Philadelphia University + Thomas Jefferson University
Jefferson College of Health Professions
Department of Physical Therapy

3+3 Doctorate in Physical Therapy Partnership Program

High School seniors who are committed to earning a Doctorate in Physical Therapy have the opportunity to do so in 6 years after graduation from high school, through partnerships with select colleges and universities. During their senior year of high school, students may apply to our partner institutions.

If accepted into the 3+3 Doctorate in Physical Therapy Partnership Program, students will have a guaranteed seat in the Doctorate in Physical Therapy program upon successful completion of their first three years of academic and professional prerequisites at the partner institution.

Students will earn their bachelor’s degree from the partner institution and their Doctorate in Physical Therapy from Thomas Jefferson University.

Application Deadlines

Application deadlines vary based on which partner institution you apply to.

Application Timeline

August - January Apply to Partner School(s)
January Qualified applicants are forwarded from the partner schools to Thomas Jefferson University’s PT Admissions Committee
  Qualified applicants are emailed a Jefferson supplemental application to complete
February Qualified applicants, who complete the supplemental application, are notified if they are invited to interview for a seat in the program
February - March Interviews for selected candidates
April 1 Applicants are notified of final decision
May 1 Deposit deadline for accepted candidates

Application Requirements

During their senior year of high school, students apply to the partner institution(s) and meet the requirements as outlined by our partner institutions:

The partner institutions for the 3+3 Program are:

Requirements for Accepted 3+3 Students

Students accepted into the 3+3 Doctorate in Physical Therapy Partnership Program must complete their prerequisites during the first three years enrolled at the partner institution, prior to the time the student enters Thomas Jefferson University. Prerequisite coursework will be taken at the partner institution you attend.

GPA

When the student enters Thomas Jefferson University, he/she must have completed three years of coursework at the partner institution. A 3.0 Cumulative GPA and 3.0 Science Prerequisite GPA is required for the program.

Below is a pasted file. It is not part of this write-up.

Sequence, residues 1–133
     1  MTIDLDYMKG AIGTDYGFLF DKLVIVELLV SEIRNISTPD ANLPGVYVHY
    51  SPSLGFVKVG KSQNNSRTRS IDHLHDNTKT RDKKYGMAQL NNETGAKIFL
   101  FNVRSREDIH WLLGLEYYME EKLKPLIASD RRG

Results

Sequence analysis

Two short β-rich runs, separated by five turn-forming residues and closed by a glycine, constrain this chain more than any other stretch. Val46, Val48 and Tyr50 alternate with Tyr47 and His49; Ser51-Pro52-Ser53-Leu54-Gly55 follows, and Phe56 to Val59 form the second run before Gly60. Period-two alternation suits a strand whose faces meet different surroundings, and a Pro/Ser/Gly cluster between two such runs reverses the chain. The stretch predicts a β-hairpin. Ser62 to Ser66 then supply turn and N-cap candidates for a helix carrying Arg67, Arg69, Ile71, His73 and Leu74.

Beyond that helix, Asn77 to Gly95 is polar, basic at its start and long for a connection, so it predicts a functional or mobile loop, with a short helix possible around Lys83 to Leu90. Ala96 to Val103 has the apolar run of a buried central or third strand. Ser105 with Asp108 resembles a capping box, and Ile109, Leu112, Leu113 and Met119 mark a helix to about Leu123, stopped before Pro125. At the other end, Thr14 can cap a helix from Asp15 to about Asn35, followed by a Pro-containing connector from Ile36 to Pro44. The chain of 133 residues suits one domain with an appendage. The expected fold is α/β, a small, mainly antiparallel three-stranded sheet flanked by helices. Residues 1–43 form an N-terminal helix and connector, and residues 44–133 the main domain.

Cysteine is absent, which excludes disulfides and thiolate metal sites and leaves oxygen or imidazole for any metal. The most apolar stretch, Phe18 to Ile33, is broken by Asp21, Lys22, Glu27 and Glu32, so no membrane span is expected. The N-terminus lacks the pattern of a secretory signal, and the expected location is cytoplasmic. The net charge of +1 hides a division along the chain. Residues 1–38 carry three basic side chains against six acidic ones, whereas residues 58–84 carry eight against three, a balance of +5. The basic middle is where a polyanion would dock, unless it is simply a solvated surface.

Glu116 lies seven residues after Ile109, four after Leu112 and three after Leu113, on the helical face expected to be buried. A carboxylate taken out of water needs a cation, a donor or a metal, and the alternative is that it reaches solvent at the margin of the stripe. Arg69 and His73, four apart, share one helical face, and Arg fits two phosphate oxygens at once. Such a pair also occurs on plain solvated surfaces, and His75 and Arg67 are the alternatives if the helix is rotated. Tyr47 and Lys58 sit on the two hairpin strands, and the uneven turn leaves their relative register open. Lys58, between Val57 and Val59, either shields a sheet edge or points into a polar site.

Courses & Credits

56 semester credits from specific course areas.

Course acceptance subject to Academic Counselor approval.

COURSE SUBJECT CREDITS
Anatomy & Physiology I w/Lab * 4
Anatomy and Physiology II w/Lab * 4
General Biology I w/Lab 4
General Biology II w/Lab 4
General Chemistry I w/Lab 4
General Chemistry II w/Lab 4
Physics I w/Lab ** 4
Physics II w/Lab ** 4
College Algebra/Trigonometry or higher math 3
Statistics 3
Psychology *** 6
Sociology/Cultural course **** 3
English Composition/Writing 6
Philosophy/Ethics 3

* 8 credits of A&P I and II or 4 credits of Human Anatomy and 4 credits of Human Physiology. Labs must be included.
** Algebra or Calculus-based.
*** Introduction or General Psychology, Abnormal Psychology, Developmental Psychology, Child Psychology, or Health Psychology.
**** 3 credits of Sociology or a Cultural course.  Cultural course cannot be history or religion-based.

PT Observation Hours

Thomas Jefferson University’s PT Department requires students to observe PTs in at least two settings for a minimum of 50 hours during their three years at the partner institution. One outpatient and one inpatient setting is preferred, however, two inpatient or two outpatient setting with different populations will be accepted.

Advising Appointments

Students accepted into the 3+3 Doctorate in Physical Therapy Partnership Program are required to attend mandatory advising appointments each summer prior to their start at Thomas Jefferson University. These advising appointments with Thomas Jefferson University’s Office of Admissions ensure the student is on track to successfully transfer into Jefferson at the completion of their three years at the partner institution. 

Performance Requirements/Technical Standards

The information below delineates the cognitive, affective and psychomotor skills deemed essential to complete the Physical Therapy degree programs at Thomas Jefferson University and to perform as a competent generalist physical therapist.

If a student cannot demonstrate the following skills and abilities, it is the responsibility of the student to request an appropriate accommodation. The University will provide reasonable accommodations, which may include accommodations that do not fundamentally alter the nature of the program offered and do not impose undue hardship, such as those that are unduly costly or are disruptive to the educational process.